"Aye, he isn’t wary of strangers, are you kutta? He must be hungry. Pavam [5]! Neelu, breast… it’s time for his feed."

Neelima carried Baiju into the bedroom and closed the door. After a while the wailing ceased.

"I told you he was hungry!" Sarasamma continued: "Let’s go into the drawing room. We’ll have the interview there."

When the Party split up we thought it would lead to a cleansing, but everything continued as before… election-oriented politics. Then the Naxalite movement began in Bengal; armed revolution re-entered the agenda. Kilori went to Calcutta.

As she sat down on the sofa Sarasamma asked: "Child, why did you come from Delhi to take my picture? It’s such a distance, and what an expense!"

"A British TV channel wants to do a series on a few Asian women — women like you who have had a wide range of experiences. I was assigned the job of interviewing you. Moreover, now there will be a record for all time!"

"Where do you belong to, mole?"

"My father is from Cherthala. He’s a brigadier in the army."

"Are you married?"

"Aye, I’m not all that old."

"How old are you?"

"Twenty-two, coming September. September 10. A Virgo — one who tends to view things analytically."

"I don’t know… I don’t believe in all that. Any boyfriends?"

"Amme, where is the power point?" the camera assistant asked.

Susan looked at him gratefully.

"Over there, by that window." Sarasamma replied.

The make-up man approached her and began to apply make-up with a cotton swab. Susan watched Sarasamma’s bewilderment.

"What are you doing? I don’t want this beauty parlour stuff," she said, shying away.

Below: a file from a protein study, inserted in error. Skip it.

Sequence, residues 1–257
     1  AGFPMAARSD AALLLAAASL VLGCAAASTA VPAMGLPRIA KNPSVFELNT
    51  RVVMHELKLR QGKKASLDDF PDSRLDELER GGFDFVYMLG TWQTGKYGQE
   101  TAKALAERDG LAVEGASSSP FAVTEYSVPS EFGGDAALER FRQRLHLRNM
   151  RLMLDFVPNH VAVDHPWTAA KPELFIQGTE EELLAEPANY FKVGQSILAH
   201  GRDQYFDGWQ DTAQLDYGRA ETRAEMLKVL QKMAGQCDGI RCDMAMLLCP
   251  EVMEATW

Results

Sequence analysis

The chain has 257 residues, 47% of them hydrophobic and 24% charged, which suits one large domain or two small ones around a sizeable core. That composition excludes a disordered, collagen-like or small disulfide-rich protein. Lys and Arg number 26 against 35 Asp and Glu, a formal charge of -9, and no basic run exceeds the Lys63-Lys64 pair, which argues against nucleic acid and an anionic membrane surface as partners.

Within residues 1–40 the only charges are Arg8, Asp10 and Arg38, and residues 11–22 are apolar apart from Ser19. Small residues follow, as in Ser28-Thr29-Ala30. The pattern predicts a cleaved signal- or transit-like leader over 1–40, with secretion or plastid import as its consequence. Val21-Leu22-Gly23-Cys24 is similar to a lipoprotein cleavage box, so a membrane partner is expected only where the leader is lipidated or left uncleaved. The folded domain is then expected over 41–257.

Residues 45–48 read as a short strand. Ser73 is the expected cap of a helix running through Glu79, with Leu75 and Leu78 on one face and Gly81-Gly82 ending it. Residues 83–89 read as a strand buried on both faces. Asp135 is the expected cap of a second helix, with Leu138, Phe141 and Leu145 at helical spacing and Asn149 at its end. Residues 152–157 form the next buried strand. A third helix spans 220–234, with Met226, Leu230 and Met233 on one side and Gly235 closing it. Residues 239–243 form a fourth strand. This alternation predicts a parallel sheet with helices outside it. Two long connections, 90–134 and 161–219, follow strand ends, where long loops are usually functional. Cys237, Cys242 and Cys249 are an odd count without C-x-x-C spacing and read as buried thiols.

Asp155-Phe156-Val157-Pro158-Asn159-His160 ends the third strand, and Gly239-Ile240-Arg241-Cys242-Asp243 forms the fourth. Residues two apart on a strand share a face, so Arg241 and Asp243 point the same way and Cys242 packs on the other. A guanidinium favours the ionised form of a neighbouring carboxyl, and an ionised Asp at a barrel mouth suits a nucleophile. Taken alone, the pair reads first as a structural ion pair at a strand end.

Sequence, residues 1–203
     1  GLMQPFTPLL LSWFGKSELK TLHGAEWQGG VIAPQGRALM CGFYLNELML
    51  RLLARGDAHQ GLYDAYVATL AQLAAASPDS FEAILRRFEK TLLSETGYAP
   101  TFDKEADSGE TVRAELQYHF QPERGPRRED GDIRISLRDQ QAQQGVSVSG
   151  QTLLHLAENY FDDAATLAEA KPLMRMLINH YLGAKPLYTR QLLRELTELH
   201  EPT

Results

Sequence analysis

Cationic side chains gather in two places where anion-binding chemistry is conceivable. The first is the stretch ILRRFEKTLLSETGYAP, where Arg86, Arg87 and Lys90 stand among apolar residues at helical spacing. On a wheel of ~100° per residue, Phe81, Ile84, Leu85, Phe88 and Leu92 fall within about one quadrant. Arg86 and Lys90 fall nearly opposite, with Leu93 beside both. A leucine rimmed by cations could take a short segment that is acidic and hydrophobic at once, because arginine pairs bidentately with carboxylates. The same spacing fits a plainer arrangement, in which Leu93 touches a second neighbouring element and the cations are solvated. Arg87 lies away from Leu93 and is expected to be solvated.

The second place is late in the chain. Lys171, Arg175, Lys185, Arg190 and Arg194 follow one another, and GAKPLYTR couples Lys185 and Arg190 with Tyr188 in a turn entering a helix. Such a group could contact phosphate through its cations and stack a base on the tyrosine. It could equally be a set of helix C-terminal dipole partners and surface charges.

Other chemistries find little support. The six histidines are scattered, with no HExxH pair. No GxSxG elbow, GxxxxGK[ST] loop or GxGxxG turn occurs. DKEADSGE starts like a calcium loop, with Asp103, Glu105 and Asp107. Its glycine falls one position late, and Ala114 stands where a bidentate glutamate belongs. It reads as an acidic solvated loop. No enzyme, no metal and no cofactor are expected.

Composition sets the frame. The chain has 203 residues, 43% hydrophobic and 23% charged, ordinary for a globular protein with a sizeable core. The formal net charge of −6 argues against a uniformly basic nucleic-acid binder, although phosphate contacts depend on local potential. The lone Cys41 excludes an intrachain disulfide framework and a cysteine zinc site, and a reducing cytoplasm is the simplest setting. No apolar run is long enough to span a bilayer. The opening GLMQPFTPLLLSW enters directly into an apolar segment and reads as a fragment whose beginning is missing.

"No Amma, this is not to glamorise you: it’s just to soften the features so that the camera captures the light effectively."

Sarasamma gave in to the make-up man’s efforts. As she watched, Susan got a glimpse of the schoolgirl of some sixty years ago.

"May I switch off the fan, Amma?" Susan asked. "It’s whirring will affect the recording."

"But won’t the glare of your camera lights make it hot?"

Sarasamma settled herself more firmly on the sofa, bracing herself for the interview. Susan watched the aged muscles tense. The shoulder-length hair was something she had not expected in someone of that generation.

"We are ready." The cameraman said.

The red light began to glimmer. In that single moment Susan transformed into a professional gearing up to draw and hold the attention of thousands of viewers. Sarasamma watched the change — just a while ago she had appeared so young, the traces of girlhood still apparent…

An interview should begin informally, a necessary ruse to overcome the nervousness of first-timers.

Susan began with a smile: "It won’t be right to call you Sarasamma. Shall I call you Amma?"

Sarasamma: (smiles)

Susan: After all, there was a time when you were Amma to the entire Naxalite movement of Kerala."

Sarasamma: "Aye no, just for a section of it. There were several factions, child."